Little was projected as a top-five pick in the preseason but failed to find his role on a North Carolina team with veterans in the front court ahead of him. The physicality that made him originally intriguing remains, entering the draft as a 6’7 combo forward with strength, length, and a nonstop motor. Little needs to improve his feel for the game and game-to-game consistently, but has the natural talent to still carve out a long career in the league.
17. Orlando Magic - Talen Horton-Tucker, G, Iowa State
No team covets length more than John Hammond’s Magic and no player has greater length than Iowa State freshman Talen Horton-Tucker. Despite standing only 6’4, Horton-Tucker has a 7’ wingspan within a strong 240-pound frame. He doesn’t have a signature skill offensively, but he does bring a lot of versatility and can impact the game in a number of areas. He’s also being one of the youngest players in the draft.
18. Indiana Pacers - Tyler Herro, G, Kentucky
Every team needs shooting, and Herro is a shooter. He can get himself open by running around screens and finding creases in the defense, using a quick trigger to hit 35.5 percent of his triples. As long as Herro continues to improve his body and functional athleticism, he should be able to attack closeouts offensively and compete defensively.
19. San Antonio Spurs - Grant Williams, F, Tennessee
Williams won SEC Player of the Year as a sophomore and then improved his numbers drastically across the board as a junior. The 6’7, 240-pound forward is a strong rebounder, versatile defender, and high-IQ offensive player who can move the ball and finish efficiently. He projects as a rugged role-player who feels like a perfect fit on the Spurs.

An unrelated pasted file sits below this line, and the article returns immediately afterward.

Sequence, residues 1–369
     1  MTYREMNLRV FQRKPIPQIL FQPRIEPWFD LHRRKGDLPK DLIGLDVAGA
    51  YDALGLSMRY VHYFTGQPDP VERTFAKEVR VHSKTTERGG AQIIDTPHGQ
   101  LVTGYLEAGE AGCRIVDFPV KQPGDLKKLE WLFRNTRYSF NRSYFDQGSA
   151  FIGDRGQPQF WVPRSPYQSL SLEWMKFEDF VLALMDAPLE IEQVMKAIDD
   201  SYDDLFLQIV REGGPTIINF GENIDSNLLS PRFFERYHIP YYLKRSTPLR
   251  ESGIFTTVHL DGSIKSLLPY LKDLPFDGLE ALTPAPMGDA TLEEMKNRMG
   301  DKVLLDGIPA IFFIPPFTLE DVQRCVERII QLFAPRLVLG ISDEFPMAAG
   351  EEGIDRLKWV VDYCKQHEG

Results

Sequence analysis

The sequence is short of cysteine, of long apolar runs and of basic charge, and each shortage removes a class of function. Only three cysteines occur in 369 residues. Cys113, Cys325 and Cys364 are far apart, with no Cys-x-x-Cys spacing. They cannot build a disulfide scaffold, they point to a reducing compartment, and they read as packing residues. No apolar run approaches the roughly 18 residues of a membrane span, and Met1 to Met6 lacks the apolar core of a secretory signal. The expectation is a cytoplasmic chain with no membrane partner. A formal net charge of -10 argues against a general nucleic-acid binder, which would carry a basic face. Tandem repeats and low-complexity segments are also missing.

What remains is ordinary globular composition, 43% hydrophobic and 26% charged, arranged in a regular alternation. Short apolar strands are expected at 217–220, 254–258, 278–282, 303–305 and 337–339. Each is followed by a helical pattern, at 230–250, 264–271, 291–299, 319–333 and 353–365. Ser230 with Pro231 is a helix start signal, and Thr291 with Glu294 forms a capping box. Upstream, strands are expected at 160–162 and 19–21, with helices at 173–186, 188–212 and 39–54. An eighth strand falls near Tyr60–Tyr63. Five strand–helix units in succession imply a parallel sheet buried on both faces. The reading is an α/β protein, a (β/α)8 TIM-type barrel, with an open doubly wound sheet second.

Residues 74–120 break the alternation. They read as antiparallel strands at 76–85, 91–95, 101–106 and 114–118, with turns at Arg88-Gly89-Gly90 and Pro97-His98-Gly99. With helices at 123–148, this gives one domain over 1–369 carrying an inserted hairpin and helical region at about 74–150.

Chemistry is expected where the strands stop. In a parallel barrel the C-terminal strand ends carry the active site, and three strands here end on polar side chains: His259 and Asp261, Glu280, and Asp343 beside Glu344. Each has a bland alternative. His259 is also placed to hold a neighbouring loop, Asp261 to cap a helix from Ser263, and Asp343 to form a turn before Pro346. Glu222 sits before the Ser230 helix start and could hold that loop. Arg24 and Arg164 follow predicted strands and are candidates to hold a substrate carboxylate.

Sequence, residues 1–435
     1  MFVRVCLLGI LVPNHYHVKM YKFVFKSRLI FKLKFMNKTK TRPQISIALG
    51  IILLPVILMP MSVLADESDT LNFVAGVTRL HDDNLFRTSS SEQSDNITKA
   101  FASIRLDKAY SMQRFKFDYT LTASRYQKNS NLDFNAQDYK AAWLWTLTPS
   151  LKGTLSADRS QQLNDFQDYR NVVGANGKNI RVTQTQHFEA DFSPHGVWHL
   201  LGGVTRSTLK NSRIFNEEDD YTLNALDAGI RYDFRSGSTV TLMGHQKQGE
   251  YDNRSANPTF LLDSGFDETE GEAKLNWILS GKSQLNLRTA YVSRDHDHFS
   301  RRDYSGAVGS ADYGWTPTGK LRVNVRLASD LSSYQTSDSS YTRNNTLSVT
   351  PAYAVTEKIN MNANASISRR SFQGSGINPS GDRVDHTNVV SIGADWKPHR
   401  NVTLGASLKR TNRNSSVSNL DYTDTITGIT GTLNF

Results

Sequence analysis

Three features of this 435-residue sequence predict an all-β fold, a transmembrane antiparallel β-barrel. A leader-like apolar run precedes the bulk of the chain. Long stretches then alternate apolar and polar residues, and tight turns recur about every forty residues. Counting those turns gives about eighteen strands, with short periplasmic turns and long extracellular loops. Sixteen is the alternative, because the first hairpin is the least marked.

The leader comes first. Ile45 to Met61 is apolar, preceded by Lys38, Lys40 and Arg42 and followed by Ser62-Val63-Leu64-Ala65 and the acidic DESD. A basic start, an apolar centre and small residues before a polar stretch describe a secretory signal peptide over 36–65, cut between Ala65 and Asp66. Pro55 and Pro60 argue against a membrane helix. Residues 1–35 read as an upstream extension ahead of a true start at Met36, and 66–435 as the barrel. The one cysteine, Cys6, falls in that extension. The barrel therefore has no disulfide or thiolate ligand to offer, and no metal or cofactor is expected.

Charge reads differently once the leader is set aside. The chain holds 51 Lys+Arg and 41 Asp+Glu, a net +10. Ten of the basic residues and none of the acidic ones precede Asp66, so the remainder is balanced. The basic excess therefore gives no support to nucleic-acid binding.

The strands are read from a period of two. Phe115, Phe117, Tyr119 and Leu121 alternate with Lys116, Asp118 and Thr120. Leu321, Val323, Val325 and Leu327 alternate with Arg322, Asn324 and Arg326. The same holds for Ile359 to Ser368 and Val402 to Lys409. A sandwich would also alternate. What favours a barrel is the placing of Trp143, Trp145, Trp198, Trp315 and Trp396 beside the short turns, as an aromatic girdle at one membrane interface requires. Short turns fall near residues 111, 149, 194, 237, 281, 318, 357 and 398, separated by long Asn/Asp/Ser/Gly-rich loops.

20. Boston Celtics - P.J. Washington, F, Kentucky
Washington is a 6’8, 230-pound forward with a 7’3 wingspan who made major strides as a shooter during his sophomore year as Kentucky. After entering school as an interior scorer and rebounder, Washington improved to a 40 percent three-point shooter and primary offensive option for the Wildcats. If he can continue to improve as a ball handler and passer, he could offer rare inside-out versatility in the front court.
21. Oklahoma City Thunder - Nickeil Alexander-Walker, G, Virginia Tech
Alexander-Walker is a combo guard with good size at 6’5 who brings an all-around skill set without dynamic athleticism. The sophomore hit over 40 percent of his threes, makes floaters, and can run pick-and-rolls in a pinch. Teams will wonder if he can finish at the basket and hold up defensively against stronger, faster opponents.
22. Boston Celtics - Matisse Thybulle, G, Washington
Thybulle blossomed into the best perimeter defender in the country as a senior at Washington, averaging 4.5 steals and 2.8 blocks per-40 minutes. At 6’5, 200 pounds, with a 7-foot wingspan, Thybulle has the potential to be a four-position defender. His offensive skill set is fairly rudimentary at this point, but he did make 85 percent of his free throws this season — a promising sign for his continued development as a shooter.